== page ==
- The market for sports betting has reached nearly $5 billion this year.
- UN reports increasing numbers in illegal sports betting, estimates $1.7T black market.
In 1992, the Professional and Amateur Sports Protection Act (PASPA) was passed which placed a federal ban on all sports betting. The decision was taken to protect sports players from being targeted by criminal gangs and to keep general members of the public safe from problem gambling.
PASPA proved incredibly effective in the following 12 years, but then, with the rise of the internet and online gambling it became unfit for purpose. Online gambling Service Companies from the UK and other places where online sports betting was legal, began to offer their services to betting starved Americans.
That’s why, in 2018 the Supreme Court took the decision to strike down PASPA and thus lift the federal ban on sports betting. Since then a number of states have moved to legalise sports betting to allow their citizens to make popular Moneyline bets on certain NFL odds for teams like the Jackson Jaguars priced at -340 or even place outrights on NBA markets.
On November 8, Californians will be asked to go to the ballot to vote on Proposition 27 which would allow online and mobile sports wagering outside of tribal lands. An awful lot has been said on both sides of the argument, some of it true, some of it partially true and some parts of it, completely untrue.
In this article, we take a look at what the real benefits would be to California’s economy from legalising online sports gaming. Read on to find out what they are.
More Jobs and Less Homelessness
One popular argument at the moment is that the implementation of legal sports betting in California will help combat the homeless crisis, but is that really the case?
Well, it’s complicated. The easiest place to start is with the increase in jobs. Undoubtedly, legalised sports betting in California would see a big increase in jobs, not just directly but indirectly as well, so it’s possible that Proposition 27 would help a large number of people into the job market.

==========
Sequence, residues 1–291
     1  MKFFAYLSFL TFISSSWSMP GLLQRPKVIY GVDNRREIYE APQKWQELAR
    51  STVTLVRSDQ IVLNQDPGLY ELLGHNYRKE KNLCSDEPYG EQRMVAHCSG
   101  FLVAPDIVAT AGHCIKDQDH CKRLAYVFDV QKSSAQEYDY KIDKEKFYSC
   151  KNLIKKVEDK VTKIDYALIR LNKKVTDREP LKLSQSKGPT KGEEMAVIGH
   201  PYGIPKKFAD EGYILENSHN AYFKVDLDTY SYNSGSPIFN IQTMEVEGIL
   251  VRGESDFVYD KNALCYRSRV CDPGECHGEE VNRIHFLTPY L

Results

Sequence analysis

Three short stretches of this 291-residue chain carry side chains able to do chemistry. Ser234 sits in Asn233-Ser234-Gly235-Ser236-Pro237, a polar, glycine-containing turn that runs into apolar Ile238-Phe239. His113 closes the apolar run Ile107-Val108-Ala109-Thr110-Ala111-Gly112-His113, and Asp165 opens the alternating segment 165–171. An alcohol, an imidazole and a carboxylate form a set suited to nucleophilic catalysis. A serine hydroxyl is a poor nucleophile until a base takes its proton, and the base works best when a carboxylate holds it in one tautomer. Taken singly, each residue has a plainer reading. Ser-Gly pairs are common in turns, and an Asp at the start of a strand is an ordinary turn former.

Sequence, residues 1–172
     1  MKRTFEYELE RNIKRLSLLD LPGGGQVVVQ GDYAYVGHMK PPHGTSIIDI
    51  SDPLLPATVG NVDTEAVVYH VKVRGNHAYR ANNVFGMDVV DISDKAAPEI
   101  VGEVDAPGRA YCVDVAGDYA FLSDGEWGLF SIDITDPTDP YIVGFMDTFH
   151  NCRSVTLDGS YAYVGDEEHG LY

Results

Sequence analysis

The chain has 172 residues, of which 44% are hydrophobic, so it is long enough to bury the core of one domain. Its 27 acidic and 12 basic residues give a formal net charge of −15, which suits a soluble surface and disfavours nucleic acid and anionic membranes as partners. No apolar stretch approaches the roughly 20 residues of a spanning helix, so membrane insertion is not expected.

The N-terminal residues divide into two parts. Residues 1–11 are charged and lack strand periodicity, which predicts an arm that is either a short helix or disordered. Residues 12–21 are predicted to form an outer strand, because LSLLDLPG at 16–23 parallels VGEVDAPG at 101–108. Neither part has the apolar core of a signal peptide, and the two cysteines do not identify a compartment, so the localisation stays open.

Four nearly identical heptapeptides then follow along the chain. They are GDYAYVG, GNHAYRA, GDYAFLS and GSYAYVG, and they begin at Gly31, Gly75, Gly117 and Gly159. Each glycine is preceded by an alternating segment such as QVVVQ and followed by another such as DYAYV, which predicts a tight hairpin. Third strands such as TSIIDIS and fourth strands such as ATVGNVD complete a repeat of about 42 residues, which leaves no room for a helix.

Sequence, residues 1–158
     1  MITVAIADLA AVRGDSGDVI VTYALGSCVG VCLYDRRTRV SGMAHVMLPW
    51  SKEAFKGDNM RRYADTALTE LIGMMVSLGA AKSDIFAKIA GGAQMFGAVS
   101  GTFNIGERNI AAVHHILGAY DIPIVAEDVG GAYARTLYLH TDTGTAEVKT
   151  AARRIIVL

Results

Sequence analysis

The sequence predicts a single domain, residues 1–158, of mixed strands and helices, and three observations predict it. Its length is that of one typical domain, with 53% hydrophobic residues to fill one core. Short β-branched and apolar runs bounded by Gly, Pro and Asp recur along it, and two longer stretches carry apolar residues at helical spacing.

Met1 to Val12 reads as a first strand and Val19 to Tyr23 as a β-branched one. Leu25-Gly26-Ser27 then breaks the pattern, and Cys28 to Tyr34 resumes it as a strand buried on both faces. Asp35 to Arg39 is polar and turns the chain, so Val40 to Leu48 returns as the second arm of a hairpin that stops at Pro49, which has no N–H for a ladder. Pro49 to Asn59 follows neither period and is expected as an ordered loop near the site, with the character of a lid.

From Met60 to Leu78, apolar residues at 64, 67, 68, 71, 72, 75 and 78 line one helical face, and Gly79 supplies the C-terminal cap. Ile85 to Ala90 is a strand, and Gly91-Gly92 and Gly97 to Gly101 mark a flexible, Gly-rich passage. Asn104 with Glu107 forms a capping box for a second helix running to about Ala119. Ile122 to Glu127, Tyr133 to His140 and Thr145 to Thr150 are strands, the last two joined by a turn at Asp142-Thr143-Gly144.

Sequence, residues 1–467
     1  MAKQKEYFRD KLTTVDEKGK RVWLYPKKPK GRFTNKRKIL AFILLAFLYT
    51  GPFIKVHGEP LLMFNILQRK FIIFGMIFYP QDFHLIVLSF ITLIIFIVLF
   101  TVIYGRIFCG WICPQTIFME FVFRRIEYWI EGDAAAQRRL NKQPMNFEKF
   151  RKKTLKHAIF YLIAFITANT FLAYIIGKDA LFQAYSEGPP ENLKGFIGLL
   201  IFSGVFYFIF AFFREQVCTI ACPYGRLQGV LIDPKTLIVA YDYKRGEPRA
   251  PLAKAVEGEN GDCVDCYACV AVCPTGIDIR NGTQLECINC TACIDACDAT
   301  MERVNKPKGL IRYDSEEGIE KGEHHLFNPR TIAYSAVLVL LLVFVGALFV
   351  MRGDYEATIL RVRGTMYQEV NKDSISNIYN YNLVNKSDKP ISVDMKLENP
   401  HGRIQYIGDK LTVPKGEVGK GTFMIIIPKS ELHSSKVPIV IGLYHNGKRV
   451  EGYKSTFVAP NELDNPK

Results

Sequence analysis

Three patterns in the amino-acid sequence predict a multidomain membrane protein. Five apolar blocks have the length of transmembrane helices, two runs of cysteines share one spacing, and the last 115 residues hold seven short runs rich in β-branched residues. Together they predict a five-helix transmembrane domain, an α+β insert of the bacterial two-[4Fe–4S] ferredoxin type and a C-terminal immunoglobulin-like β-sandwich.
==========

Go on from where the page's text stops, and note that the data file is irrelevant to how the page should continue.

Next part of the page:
Where it gets complicated though is in terms of tax revenues. If the industry brings in $500 million in revenues then it’s more than likely that a large percentage of the taxes collected on those revenues could be used to address the homeless issues in the state.
That all depends on how much the industry actually generates and how state decision makers decide to spend those tax dollars. The latest evidence from other states where sports betting has been legalised, seems to suggest that industry is more than capable of exceeding even the most optimistic of estimates.
Prior to the striking down of PASPA it was estimated that Americans were wagering $50-60 billion a year with overseas online gambling companies. That was all money that was going out of the American economy and into foreign countries economies.
If that was happening back then, what do you think Californian sports betting fans are doing right now? They’re making wagers with sports betting sites based out of states where it is completely legal, and thus sending their money out of the local economy.
Of course, if Proposition 27 is passed there will be plenty of companies from outside of the state offering their services to Californians, but there will also be plenty of home-grown sports betting sites.
Their success will have a direct impact on our local economy, providing a much-needed stimulus after the past few years of economic turmoil.
Wider Economic Benefits
Not everything in life is black and white and that’s particularly true when it comes to business. The passing of Proposition 27 won’t just have an impact on the gambling industry, it will also have a ripple effect on a number of other industries.
Advertising agencies will report increased revenues, California based sporting franchises will be able to partner with sports betting companies. The housing market will receive a stimulus as workers employed by the industry look to upgrade their living situation or move closer to their workplaces.
Tax money currently spent of gambling enforcement laws will be freed up to be used in other areas and there will be jobs created by the creation of new government departments to monitor the industry.
Reduce Corruption in Black Market of Gambling
The United Nations Office on Drugs and Crime (UNODC) has released a new report that highlights the increasing numbers of people engaging in illegal sports betting. The report estimates that the global black market for sports betting is worth around $1.7 trillion. This is a huge increase from the $155 billion that was estimated in 2009. The UNODC says that the increase is due to a number of factors, including the growth of online betting, the proliferation of illegal.
In short, there will be big and small benefits to almost every area of the economy if Proposition 27 passes.
Don’t believe everything you hear or read when it comes to the arguments for and against Proposition 27. Make up your own mind and make sure that you fact check everything you read (including the claims made in this article!)
An informed decision made on November 8, whichever way it falls, is better for California than a rushed one.